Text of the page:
Our total capital additions estimate for 2024, net of reimbursements, is expected to range between $400.0 million and $440.0 million, of which approximately $270.0 million to $300.0 million is currently anticipated to be spent for sustaining capital. We expect to fund these capital additions with cash generated by our operations and cash on hand.
From time to time we consider possible projects and may have certain events that would require expenditures that are not included in our capital budget, and such unbudgeted expenditures could be significant. In addition, while liquidity and preservation of capital remains our top priority, we will continue to evaluate acquisitions of drilling units from time to time.
Dividends
Our most recent quarterly dividend, totaling approximately $56.4 million (or $0.40 per share), was declared on October 31, 2023, and paid on December 14, 2023, to shareholders of record at close of business on November 15, 2023. During the year ended December 31, 2023, we declared dividends of approximately $101.8 million, including accrued dividends, (or $0.70 per share), and made cash dividend payments of approximately $98.8 million.
On February 22, 2024, our Board of Directors approved a declaration of a quarterly cash interim dividend on our Ordinary Shares of $0.40 per share. This dividend is to be payable on March 21, 2024, to shareholders of record at close of business on March 08, 2024.
The declaration and payment of dividends require authorization of the Board of Directors, provided that such dividends on issued share capital may be paid only out of the Company’s “distributable reserves” as determined by reference to relevant statutory accounts in accordance with English law. The Company is not permitted to pay dividends out of share capital, which includes share premiums. The payment of future dividends will depend on our results of operations, financial condition, cash requirements, future business prospects, the availability of sufficient distributable reserves, contractual and indenture restrictions, and other factors deemed relevant by our Board.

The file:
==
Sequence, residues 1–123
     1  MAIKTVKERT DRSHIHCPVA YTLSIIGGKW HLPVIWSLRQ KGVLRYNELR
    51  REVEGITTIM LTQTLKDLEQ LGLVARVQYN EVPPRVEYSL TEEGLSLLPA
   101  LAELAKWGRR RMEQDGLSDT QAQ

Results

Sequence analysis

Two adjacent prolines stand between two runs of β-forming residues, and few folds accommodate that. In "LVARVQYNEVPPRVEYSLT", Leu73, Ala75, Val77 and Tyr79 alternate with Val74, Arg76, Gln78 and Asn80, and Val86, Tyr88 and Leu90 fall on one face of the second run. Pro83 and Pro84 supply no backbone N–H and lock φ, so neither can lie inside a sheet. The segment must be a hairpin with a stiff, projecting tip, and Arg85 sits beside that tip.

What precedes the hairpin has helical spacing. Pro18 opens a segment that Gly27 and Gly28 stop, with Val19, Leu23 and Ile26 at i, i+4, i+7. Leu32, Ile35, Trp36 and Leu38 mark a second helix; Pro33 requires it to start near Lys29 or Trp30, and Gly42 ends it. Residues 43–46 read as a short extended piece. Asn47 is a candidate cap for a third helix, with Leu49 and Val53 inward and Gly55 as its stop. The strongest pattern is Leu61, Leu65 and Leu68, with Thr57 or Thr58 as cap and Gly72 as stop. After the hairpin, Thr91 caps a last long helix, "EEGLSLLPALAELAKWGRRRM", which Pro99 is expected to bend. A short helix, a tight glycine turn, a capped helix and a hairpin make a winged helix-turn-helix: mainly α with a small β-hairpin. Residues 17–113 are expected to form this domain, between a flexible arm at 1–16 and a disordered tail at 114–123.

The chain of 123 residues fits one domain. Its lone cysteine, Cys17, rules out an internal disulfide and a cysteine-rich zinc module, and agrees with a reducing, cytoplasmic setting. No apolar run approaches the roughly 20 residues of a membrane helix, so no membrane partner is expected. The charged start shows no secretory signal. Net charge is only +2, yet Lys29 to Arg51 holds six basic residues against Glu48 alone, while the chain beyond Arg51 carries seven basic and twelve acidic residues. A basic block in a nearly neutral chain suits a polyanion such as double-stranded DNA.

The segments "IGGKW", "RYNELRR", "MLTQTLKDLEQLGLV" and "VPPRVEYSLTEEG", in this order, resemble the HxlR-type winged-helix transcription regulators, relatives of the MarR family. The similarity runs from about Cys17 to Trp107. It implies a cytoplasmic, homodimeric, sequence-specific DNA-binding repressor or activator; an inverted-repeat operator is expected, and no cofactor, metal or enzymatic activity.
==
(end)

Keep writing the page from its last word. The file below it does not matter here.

Share Repurchases
Under law, the Company is only permitted to purchase its own Ordinary Shares by way of an “off-market purchase” pursuant to a contract approved by shareholders. Such purchases may be paid for only out of Noble’s “distributable
48


reserves” as determined by reference to relevant statutory accounts in accordance with law. As of the date of this report, we have shareholder authority to repurchase up to 15% per annum of the issued share capital of the Company as of the beginning of each fiscal year for a five-year period (subject to an overall aggregate maximum of 20,601,161 Ordinary Shares). During the year ended December 31, 2023, we repurchased 2.3 million of our Ordinary Shares, which were subsequently cancelled.
Summary of Contractual Cash Obligations and Commitments
We have $202.3 million of long-term tax reserves for uncertain tax positions, including interest and penalties, which are included in “Other liabilities” due to the difficulty in making reasonably reliable estimates of the timing of cash settlements to taxing authorities. See “Note 12 — Income Taxes” to our consolidated financial statements included in Part II, Item 8 of this Annual Report on Form 10-K.
At December 31, 2023, no long-term debt is due in the next twelve months and $600.0 million will be due subsequent to 2024. See “Note 8 — Debt” to our consolidated financial statements included in Part II, Item 8 of this Annual Report on Form 10-K. We may seek to refinance all or a portion of our long-term debt obligations, including the 2023 Revolving Credit Facility, though any such refinancing transactions are subject to market and other conditions and there are no assurances that we will complete any such transactions, in whole or in part, or as to the amount or timing of any such transactions.